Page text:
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Hi StephanieEveryone seems to be different as to what they can and can't eat so it's difficult to say if cutting out meat will work for youI cut out meat altogether about 3 years ago (for moral rather than other reasons though to be honest). I am still suffering but my problem seemed to stem from what it was being cooked with rather than the meat itself. - Onions are the main problem for me. Also some cooking oils seem to bring a reaction.Have you tried having the meat on its own to see if you still get the same problem. If not you may be cooking it with something that maybe you haven't realised could be a trigger. Or maybe it's a case of having something with your meal to aid the digestion of the meal itself? I take peppermint capsules (which work for me) if I don't know what I am being served up when I go out.Try excluding different things from your diet. Unfortunately, from experience its often a case of your own trial and error to find your trigger points!Good luck locating yours!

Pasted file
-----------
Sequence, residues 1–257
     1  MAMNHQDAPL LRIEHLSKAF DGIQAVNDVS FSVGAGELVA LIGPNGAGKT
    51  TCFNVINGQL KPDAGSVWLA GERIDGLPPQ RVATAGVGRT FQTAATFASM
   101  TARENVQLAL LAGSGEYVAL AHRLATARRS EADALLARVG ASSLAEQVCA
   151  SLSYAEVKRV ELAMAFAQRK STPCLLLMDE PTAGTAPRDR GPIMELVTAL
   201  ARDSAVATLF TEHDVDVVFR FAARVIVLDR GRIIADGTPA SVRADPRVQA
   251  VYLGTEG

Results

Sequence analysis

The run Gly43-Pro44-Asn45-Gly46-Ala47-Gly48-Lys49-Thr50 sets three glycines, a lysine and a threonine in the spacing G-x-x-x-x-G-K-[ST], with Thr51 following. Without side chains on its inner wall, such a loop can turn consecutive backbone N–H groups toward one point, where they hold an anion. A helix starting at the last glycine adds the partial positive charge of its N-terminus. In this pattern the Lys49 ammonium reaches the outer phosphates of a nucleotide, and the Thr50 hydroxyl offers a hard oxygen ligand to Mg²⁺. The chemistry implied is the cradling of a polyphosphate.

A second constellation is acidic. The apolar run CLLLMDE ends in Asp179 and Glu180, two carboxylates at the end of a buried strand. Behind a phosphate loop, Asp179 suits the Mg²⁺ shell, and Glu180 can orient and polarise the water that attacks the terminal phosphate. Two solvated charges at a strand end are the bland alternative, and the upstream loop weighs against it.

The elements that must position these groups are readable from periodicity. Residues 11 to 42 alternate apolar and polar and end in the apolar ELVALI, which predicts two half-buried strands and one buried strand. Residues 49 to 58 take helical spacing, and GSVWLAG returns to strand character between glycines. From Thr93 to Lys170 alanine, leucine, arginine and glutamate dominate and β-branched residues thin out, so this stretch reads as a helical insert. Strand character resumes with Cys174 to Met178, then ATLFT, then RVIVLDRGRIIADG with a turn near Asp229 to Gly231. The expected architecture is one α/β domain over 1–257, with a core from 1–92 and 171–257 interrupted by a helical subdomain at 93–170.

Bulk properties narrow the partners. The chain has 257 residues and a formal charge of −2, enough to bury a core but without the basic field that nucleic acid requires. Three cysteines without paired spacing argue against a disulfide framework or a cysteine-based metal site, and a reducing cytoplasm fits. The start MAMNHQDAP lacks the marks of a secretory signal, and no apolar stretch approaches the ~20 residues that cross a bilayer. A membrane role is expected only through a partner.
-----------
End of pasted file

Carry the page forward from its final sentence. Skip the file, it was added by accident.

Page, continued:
N.B. Quite a few people are trying this latest thing of food intolerance testing which is available in some health food stores in the UK abd I'm sure in the States. I haven't gone down that road yet and don't know if they are worth doing....?????
 

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HiI have found that certain foods play a huge part in my IBS-D...For me afterworking with Leap I found out that apple, coconut, benzoic acid, mustard,cottage chesse and a few others could be my IBS-D worse...afterI stopped putting those things in my body I really improved... I though whatdo I have to loose by staying away from them and after a few weeks I stoppedgoing to the bathroom, have not felt sick one time..and alot of the othersymptoms started to go away......I hope you start feeling better real soon...Welcome to the BB
 

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HiI have found that certain foods play a huge part in my IBS-D...For me afterworking with Leap I found out that apple, coconut, benzoic acid, mustard,cottage chesse and a few others could be my IBS-D worse...afterI stopped putting those things in my body I really improved... I though whatdo I have to loose by staying away from them and after a few weeks I stoppedgoing to the bathroom, have not felt sick one time..and alot of the othersymptoms started to go away......I hope you start feeling better real soon...Welcome to the BB